Archaeologists track down the earliest use of maize in the Mesoamerican area

Maize is perhaps the most important crop ever domesticated by people. Enter any shop today and you’re almost guaranteed to find a myriad of products, from sweets and tacos to cereal and of course, canned corn.

According to new research, we owe this corny abundance to the Mesoamerican settlers who started eating and domesticating corn about 6,700 years ago.

Maize, an ancient food source, was first cultivated in the Maya lowlands. Credit: UNM

Much of the popularity of maize is owed to its high carbohydrate and protein value. Maize is high in valuable nutrients and cherished globally today — but it wasn’t always this dominant. Nine thousand years ago, maize was still a humble plant with few connections to mankind.

To unravel corn’s remarkable journey, Archaeologist Keith Prufer and colleagues from half a dozen universities looked at the bones and teeth of 52 skeletons in the Mesoamerican region.

The study wasn’t specifically looking for corn. The team involved a large number of researchers from different fields including biology, geology, and of course, archaeology. Originally, the researchers wanted to get a holistic view of how these early settlers changed and adapted to a completely new lifestyle.

They carried chemical and radiocarbon measurements on the skeletons, looking for any clues about what these people ate and how they lived.

The oldest remains date from between 9,600 and 8,600 years ago, while the newer ones are about 1,000 years old. When it came to diets, there was a visible transition between the older and the newer skeletons. While the older ones foraged on wild plants, palms, fruits, and nuts and hunted for meat, the newer generations showed a strong transition to farming, the researchers show.

“One of the key issues for understanding these changes from an evolutionary perspective is to know what the change from hunting and gathers pathways to the development of agriculture looked like, and the pace and tempo of innovative new subsistence strategies. Food production and agriculture were among most important cultural innovations in human history,” says Prufer.

Ancient maize cob from Barton Creek Cave. Credit: Jaime Awe

Farming maize paved the way for the Maya civilization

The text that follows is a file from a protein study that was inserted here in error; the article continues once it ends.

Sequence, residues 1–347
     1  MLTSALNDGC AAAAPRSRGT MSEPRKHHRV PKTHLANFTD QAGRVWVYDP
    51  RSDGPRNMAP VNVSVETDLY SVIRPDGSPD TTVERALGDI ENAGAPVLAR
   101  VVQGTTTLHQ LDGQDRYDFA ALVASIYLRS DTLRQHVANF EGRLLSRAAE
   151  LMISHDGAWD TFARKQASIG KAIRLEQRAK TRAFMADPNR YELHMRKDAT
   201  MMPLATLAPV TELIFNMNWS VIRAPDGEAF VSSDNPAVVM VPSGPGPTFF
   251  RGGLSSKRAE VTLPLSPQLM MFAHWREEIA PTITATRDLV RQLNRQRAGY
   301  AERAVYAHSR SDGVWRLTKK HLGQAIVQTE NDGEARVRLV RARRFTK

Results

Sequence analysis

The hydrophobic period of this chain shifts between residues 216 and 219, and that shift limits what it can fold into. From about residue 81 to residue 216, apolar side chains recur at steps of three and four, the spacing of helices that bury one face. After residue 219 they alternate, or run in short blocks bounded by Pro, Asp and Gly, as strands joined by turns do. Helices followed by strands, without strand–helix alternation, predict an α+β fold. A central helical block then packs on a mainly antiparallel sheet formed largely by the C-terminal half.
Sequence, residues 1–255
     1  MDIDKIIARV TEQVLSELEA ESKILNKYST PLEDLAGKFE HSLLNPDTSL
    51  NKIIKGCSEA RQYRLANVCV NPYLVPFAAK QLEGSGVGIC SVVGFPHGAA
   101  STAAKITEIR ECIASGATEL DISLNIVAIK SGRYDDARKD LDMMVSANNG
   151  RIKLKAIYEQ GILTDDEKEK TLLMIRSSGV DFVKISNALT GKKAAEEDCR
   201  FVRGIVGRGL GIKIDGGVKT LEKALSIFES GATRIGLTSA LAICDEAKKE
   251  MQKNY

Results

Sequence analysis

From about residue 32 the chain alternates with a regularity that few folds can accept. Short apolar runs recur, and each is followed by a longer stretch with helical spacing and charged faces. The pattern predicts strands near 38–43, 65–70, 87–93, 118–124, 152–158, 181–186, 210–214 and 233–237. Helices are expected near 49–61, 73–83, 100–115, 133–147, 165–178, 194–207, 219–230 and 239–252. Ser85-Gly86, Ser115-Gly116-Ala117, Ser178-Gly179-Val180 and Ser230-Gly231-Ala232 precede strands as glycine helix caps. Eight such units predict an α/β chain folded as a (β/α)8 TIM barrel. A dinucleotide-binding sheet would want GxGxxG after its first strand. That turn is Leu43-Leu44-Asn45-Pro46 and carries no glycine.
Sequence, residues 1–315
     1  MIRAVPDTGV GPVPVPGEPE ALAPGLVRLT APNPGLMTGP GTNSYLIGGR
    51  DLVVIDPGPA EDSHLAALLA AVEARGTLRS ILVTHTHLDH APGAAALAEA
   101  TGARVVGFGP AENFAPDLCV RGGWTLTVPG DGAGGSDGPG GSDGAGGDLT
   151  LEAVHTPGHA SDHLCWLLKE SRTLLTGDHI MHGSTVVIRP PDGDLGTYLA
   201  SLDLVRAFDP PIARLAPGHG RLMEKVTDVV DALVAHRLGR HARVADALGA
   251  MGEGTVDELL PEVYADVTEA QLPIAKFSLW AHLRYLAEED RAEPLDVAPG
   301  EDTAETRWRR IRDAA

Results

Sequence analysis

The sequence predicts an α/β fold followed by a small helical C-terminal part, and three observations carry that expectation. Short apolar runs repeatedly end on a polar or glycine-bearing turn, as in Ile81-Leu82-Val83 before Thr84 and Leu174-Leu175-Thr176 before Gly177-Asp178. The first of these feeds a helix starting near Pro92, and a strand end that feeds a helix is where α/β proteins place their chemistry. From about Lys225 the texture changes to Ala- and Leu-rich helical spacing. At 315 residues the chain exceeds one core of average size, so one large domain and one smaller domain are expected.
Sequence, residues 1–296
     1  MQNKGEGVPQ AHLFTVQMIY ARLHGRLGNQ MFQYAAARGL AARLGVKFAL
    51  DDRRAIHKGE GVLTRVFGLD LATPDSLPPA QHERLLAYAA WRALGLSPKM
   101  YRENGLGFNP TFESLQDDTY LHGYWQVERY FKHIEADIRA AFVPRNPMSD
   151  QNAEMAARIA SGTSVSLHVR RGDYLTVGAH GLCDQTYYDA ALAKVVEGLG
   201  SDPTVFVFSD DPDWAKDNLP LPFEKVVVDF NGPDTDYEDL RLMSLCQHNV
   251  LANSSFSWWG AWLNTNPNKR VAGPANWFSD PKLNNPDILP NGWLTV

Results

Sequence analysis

Farming is quite possibly the most impactful change in human history. We take it for granted today, but it completely changed our lifestyle and set our species on a course for what we see on the planet today. It was farming that allowed our ancestors to settle in one place and start building larger settlements. But it wasn’t a straightforward change. The diet of early farmers was far less varied and healthy than that of hunter-gatherers, and it took millennia before mankind could truly reap the benefits of farming.

“Farming allowed us to live in larger groups, in the same location, and to develop permanent villages around food production. These changes ultimately led in the Maya area to the development of the Classic Period city states of the Maya between 3,000 and 1,000 years ago. However, until this study, we did not know when early Mesoamericans first became farmers, or how quickly they accepted the new cultigen maize as a stable of their diet. Certainly, they were very successful in their previous foraging, hunting, and horticultural pursuits before farming, so it is of considerable interest to understand the timing and underlying processes,” Prufer added.

By 4,700 years ago, Mesoamericans started consuming maize. The isotopic signature of two young nursing infants shows that their mothers were already consuming substantial amounts of maize, and consumption steadily increased over the following millennia, as people transitioned more and more to a static lifestyle.

Some 700 years later, a full transition to farming had occurred, judging by the amount of maize people were apparently consuming.

“We can directly observe in isotopes of bone how maize became a staple grain in the early populations we are studying. We know that people had been experimenting with the wild ancestor of maize, teosintle, and with the earliest early maize for thousands of years, but it does not appear to have been a staple grain until about 4000 BP. After that, people never stopped eating corn, leading it to become perhaps the most important food crop in the Americas, and then in the world,” Prufer adds, noting that the first use of corn may have been in the form of liquor.

Excavations were directed by UNM Professor Keith Prufer along with an international team of archaeologists, biologists, ecologists and geologists. Credit: UNM

The teosintle that Prufer mentions is the original maize — a wild grass growing in the lower plains of the Balsas River Valley in Central Mexico. Archaeologists have found evidence that maize was cultivated in the Maya lowlands some 6,500 years ago, but there was no evidence that maize was a staple at the time.

This is why archaeologists often resort to such varied studies: on one hand, you look at people’s environments and see what changes they made to the land, and on the other hand, you look at the humans themselves and see how they changed.

In a way, the life of a modern archaeologist is a lot like that of a forensic investigator — it’s no longer about finding the pyramids and ruins, it’s about understanding how people’s lives evolved through time.

It’s rarely easy. In this case, archaeologists had to work in conditions that many would consider unbearable.

“We did five years of fieldwork in two very remote rock shelter sites in the Bladen Nature Reserve in the Maya Mountains of Belize, a vast wilderness area that is a two-day walk from the nearest road. To work in this area we had to camp with no electricity, running water, or even cell service for a month at a time each year,” Prufer adds.

The study has been published in Science Advances.

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